- Nanotechnology 101
- Nanotechnology and You
- About the NNI
- What is the NNI?
- Nanotechnology-Inspired Grand Challenges
- Nanotechnology Signature Initiatives
- The NSET Subcommittee
- NSET's Participating Federal Partners
- Working Groups & Coordinators
- Contact Information
- National Nanotechnology Coordination Office (NNCO)
- Collaborations and Funding
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- Nanotech Challenges
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- FAQs for Business
- Publications and Resources
Atomic force microscope – A scientific instrument that can generate images of nanoscale details on a physical surface by scanning a tiny, flexible ceramic or semiconductor probe just above the surface—where it will be attracted or repelled slightly by features on the surface, and the deflection can be detected with the laser.
Atomic layer deposition (ALD) – A technique developed in the 1970s for depositing monolayers of material in a sequential, controlled manner using self-limiting reactions. It is used to make thin films.
Biomimetic – Engineered structures or devices that imitate biology in their functions or methods of manufacture.
Buckyball – A familiar, nontechnical synonym for fullerene.
Carbon nanotube (CNT) - Carbon molecule with a cylindrical shape. The structure and chemical bonds of CNTs result in unique strength, electrical, and thermal properties.
Colloid - Nanoscale or microscale particles suspended in another medium; colloids include gels, aerosols, and emulsions.
Converging technologies – Science at the intersection of nanotechnology, biotechnology, information technology, and cognitive technologies.
DNA – Deoxyribonucleic acid – the double-helix molecule that provides the basis of genetic heredity, about 2 nanometers in diameter but often several millimeters in length.
Dual use – Technologies that may be used for both military and civilian purposes.
Epitaxial film – A thin crystal layer, perhaps of nanoscale thickness, deposited on the surface of another substance by processes such as vapor deposition.
Fullerene – A category of roughly spherical carbon nanoscale structures named after Buckminster Fuller’s geodesic spheres.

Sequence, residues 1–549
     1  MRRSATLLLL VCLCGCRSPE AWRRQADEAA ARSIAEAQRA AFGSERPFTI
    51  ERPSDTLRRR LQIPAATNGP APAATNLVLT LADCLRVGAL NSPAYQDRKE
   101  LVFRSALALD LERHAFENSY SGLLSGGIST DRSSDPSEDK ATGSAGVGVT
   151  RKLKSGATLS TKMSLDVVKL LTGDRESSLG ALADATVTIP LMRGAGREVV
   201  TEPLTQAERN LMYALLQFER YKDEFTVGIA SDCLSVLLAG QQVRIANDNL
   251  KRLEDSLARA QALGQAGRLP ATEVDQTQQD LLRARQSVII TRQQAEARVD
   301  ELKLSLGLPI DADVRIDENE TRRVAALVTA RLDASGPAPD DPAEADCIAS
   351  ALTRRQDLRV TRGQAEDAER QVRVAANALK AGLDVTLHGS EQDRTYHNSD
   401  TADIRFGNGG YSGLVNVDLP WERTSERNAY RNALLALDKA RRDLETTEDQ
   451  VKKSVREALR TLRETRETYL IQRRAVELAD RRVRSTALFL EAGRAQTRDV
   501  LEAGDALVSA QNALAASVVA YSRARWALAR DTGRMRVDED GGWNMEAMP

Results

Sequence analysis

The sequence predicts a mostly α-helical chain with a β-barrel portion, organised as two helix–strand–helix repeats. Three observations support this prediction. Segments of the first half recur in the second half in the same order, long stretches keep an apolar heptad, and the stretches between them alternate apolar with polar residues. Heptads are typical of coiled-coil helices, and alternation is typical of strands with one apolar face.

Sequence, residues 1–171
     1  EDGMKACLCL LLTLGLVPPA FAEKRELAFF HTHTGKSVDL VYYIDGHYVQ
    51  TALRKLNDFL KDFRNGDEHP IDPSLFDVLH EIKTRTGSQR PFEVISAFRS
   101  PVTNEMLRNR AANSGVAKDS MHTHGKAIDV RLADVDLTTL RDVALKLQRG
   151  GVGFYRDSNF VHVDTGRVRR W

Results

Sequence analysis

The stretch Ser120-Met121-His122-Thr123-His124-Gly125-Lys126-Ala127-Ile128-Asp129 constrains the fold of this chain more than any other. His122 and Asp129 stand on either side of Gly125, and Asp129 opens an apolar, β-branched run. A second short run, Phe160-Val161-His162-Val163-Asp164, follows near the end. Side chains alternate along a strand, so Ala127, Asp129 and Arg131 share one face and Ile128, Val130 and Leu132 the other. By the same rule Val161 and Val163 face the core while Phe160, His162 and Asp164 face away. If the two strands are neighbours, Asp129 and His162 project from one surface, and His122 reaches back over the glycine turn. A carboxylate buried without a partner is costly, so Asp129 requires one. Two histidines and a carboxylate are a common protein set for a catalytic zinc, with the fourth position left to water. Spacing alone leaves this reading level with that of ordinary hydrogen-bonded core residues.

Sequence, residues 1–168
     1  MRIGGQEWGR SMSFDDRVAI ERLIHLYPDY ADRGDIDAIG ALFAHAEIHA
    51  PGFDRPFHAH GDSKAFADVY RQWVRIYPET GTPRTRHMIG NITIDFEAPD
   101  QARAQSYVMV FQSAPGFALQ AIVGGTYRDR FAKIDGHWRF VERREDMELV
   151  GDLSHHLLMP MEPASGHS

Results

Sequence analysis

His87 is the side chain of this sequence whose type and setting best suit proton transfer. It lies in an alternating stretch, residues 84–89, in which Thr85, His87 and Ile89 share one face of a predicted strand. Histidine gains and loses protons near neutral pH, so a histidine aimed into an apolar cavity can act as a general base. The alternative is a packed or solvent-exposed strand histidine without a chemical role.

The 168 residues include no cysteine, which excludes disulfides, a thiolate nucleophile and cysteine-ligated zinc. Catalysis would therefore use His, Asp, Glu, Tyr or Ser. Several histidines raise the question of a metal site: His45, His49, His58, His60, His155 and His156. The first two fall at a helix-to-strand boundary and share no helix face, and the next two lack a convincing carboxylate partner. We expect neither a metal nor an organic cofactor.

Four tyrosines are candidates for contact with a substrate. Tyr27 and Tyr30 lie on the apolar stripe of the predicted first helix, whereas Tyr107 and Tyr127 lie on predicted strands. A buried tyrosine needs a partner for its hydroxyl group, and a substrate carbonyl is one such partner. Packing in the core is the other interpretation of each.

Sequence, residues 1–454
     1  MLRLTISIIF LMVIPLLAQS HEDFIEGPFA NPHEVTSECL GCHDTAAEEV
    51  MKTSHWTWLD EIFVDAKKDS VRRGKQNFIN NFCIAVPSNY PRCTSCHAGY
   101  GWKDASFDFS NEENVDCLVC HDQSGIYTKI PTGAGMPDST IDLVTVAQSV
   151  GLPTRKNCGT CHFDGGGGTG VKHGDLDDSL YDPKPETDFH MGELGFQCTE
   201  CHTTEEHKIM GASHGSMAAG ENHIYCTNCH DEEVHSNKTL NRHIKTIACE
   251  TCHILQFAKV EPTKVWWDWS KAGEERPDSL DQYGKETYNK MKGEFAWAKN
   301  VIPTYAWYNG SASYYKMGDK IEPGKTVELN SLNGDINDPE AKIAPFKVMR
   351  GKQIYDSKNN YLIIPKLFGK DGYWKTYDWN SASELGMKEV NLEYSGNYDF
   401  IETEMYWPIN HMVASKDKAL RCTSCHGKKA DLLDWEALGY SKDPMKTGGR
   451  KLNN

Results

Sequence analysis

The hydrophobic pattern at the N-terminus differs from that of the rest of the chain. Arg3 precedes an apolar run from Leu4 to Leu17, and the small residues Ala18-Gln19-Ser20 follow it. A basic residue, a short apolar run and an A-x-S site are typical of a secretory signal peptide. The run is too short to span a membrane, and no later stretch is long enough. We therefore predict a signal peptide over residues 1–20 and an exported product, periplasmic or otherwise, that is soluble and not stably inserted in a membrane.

Genome – The complete set of genetic material contained in an organism, or a separately inherited portion of an organism. For instance, the mitochondrial genome is inherited maternally, whereas the nuclear genome is inherited from both parents.
Genetic sequence – The ordered set of nucleotides in a particular sample of DNA or RNA.
Intellectual property – Creations of the mind, such as inventions; literary and artistic works; designs; and symbols, names and images used in commerce. IP is protected in law by, for example, patents, copyright, trademarks and trade secrets, which enable people to earn recognition or financial benefit from what they invent or create.
Molecular electronics – Electronic circuitry, including computer hardware, in which the separate components are individual molecules or small assemblages of molecules. The hoped-for advantages include cost reduction, increased speed, higher bit density, reduced power requirements, and less waste heat.
Monolayer – A layer, film, or coating that is only one atom or molecule thick.
Moore’s Law – Proposed by Intel founder Gordon Moore in the 1960s, this is a variously stated observation that the density of transistors on an integrated circuit chip has been doubling every 18 to 24 months, or the cost of a transistor has been dropping by half, or that the general capabilities of microelectronics have been improving at an exponential rate.
Nanocrystals – also known as nanoscale semiconductor crystals. "Nanocrystals are aggregates of anywhere from a few hundred to tens of thousands of atoms that combine into a crystalline form of matter known as a "cluster." Typically around ten nanometers in diameter, nanocrystals are larger than molecules but smaller than bulk solids and therefore frequently exhibit physical and chemical properties somewhere in between. Given that a nanocrystal is virtually all surface and no interior, its properties can vary considerably as the crystal grows in size." (Credit: Berkeley Lab)